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VOL. 130 | NO. 216 | Thursday, November 5, 2015

Conference Aims to Spark Positive Change, One ZIP Code at a Time

By Don Wade

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The world can be a big place, even within one city or a single ZIP code. But the world also can be made smaller when the right kinds of lines are crossed.

ER2 general manager Tyler Whitney, left, with Advance Memphis executive director Steve Nash at ER2’s facility in the South City area. 

(Daily News/Andrew J. Breig)

Steve Nash founded nonprofit Advance Memphis in 1999, beginning an ambitious project without end. His goal: bring economic sustainability to the people living in and around the Cleaborn/Foote Homes public housing developments in South Memphis’ 38126 ZIP code, the poorest urban ZIP in Tennessee.

The statistics seem daunting: In 38126, 70 percent of residents are unemployed, 58 percent of households do not have a car, and 47 percent of residents have less than a high school degree.

However, partners have come alongside Advance Memphis over the years, and numbers document the progress being made.

In 2014, for example, 131 residents found employment through the Jobs for Life/Advance Memphis Staffing programs. And 56 Jobs for Life graduates were hired directly into permanent positions with benefits. Another 16 residents earned their GEDs.

Nearby, ER2: National Electronic Recyclers, a company based out of Mesa, Ariz., has purchased and restored a 60,000-square-foot warehouse. Today, the warehouse is operational and over time, the company will employ 20 to 30 residents from 38126. Some already are working there.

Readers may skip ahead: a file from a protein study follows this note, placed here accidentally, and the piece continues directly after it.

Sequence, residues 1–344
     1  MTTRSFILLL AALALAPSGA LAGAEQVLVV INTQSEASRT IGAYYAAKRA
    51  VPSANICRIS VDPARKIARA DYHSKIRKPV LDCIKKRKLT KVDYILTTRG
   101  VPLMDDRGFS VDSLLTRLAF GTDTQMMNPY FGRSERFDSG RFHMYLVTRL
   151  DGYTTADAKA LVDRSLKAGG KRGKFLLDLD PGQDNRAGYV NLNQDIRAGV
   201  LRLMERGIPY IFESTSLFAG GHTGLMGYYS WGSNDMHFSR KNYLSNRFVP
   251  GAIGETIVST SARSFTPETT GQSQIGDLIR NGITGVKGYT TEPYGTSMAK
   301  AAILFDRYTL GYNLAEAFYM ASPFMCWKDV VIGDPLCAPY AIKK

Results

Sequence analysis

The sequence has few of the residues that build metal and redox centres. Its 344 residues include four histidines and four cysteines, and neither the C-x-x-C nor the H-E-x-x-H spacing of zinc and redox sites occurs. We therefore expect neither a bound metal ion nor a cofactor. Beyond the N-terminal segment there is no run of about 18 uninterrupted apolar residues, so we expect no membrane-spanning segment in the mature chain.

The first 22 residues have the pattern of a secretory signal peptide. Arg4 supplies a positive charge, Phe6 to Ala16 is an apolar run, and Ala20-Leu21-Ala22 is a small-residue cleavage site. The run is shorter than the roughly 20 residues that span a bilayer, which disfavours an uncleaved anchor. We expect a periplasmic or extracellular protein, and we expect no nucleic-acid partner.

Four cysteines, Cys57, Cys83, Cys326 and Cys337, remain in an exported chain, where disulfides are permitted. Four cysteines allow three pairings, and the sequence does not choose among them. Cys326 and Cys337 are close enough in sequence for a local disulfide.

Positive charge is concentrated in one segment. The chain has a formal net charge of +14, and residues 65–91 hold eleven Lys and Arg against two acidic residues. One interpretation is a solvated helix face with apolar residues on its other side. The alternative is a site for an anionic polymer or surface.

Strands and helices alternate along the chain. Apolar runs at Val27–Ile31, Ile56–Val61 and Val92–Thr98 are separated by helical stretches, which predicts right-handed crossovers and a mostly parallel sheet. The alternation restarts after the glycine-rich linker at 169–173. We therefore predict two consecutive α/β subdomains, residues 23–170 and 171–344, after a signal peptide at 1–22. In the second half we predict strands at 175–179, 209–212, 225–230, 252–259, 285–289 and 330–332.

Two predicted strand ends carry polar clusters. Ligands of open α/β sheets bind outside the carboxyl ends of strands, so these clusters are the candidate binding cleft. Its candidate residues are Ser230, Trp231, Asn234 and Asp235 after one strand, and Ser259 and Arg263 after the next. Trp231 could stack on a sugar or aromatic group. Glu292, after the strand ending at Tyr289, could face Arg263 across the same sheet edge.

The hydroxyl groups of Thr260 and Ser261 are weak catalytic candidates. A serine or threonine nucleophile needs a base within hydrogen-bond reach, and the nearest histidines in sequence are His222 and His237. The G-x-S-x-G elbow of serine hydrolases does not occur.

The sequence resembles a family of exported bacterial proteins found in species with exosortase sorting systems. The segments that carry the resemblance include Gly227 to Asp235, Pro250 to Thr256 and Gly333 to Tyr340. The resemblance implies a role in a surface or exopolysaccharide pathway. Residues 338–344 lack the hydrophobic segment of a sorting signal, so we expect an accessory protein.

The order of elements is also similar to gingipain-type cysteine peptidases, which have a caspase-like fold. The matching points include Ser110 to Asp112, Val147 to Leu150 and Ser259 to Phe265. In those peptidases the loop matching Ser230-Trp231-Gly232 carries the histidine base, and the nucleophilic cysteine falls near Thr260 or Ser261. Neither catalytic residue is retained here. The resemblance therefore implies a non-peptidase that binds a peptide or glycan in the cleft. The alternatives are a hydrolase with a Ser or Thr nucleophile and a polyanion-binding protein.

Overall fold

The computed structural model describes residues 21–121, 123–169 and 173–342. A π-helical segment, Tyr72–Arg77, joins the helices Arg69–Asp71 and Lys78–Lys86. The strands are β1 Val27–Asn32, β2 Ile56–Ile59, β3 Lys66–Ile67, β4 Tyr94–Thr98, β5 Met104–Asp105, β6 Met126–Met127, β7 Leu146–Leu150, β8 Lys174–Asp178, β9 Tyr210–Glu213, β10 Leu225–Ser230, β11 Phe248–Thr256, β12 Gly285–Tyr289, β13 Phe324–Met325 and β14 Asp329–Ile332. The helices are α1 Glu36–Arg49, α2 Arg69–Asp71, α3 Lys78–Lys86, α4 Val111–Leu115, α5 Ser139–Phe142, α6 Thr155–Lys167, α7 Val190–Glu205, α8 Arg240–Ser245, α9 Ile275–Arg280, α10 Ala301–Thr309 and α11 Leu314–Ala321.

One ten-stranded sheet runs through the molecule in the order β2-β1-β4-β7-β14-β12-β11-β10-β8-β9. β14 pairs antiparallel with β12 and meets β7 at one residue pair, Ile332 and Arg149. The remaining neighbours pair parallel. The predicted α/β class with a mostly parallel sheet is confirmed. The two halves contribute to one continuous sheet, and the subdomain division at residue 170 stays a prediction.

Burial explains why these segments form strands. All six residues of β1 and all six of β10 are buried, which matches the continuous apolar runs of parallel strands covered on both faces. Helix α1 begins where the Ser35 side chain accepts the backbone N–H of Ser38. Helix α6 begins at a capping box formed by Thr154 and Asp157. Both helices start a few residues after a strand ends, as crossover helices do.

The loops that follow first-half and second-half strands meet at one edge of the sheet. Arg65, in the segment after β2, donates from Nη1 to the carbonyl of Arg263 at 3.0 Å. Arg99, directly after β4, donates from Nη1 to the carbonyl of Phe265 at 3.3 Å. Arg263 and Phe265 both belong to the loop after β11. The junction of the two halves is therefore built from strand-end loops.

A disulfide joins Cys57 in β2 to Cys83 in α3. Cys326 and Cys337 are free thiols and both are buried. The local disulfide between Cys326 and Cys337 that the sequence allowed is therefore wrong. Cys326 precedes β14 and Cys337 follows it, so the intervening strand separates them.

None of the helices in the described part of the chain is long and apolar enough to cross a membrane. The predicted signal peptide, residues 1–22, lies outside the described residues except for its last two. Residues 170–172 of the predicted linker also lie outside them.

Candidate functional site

“There’s a lot of advantages to being here,” said ER2 general manager Tyler Whitney. “One, you get cheaper real estate. Two, everybody thinks that this is a community or a workforce that doesn’t want to work, and some of that may be true, but we’re finding it’s just an underdeveloped community.

“When you give them a chance, a lot of them really start to come along and turn out to be every bit as good employees as we could pull from anywhere in the city.”

In Nash’s view, Memphis and other cities can – and should – have a lot more stories like this one. On Tuesday, Nov. 10, the Cook Convention Center will be the site of the second Market Solutions for Community Transformation Pre-Conference, an event tied to the Christian Community Development Association National Conference being held from Nov. 11-14.

Rick Krug, one of the founders of ER2 and an Advance Memphis volunteer, already had a vision for community transformation when starting the firm in 2010. Krug and co-founder Chris Ko operate their company with a culture they’ve dubbed “ARC” – short for “Accountable for our actions. Refining Constantly. Conscientious of others.”

The acronym plays off the work they do because, as they explain on their website, ER2.com, “An electric arc is caused by an electrical pulse that bridges a gap between electrodes. In the same way, in order for us to bridge the gap between our best of intentions and actually making an impact, we must ARC.”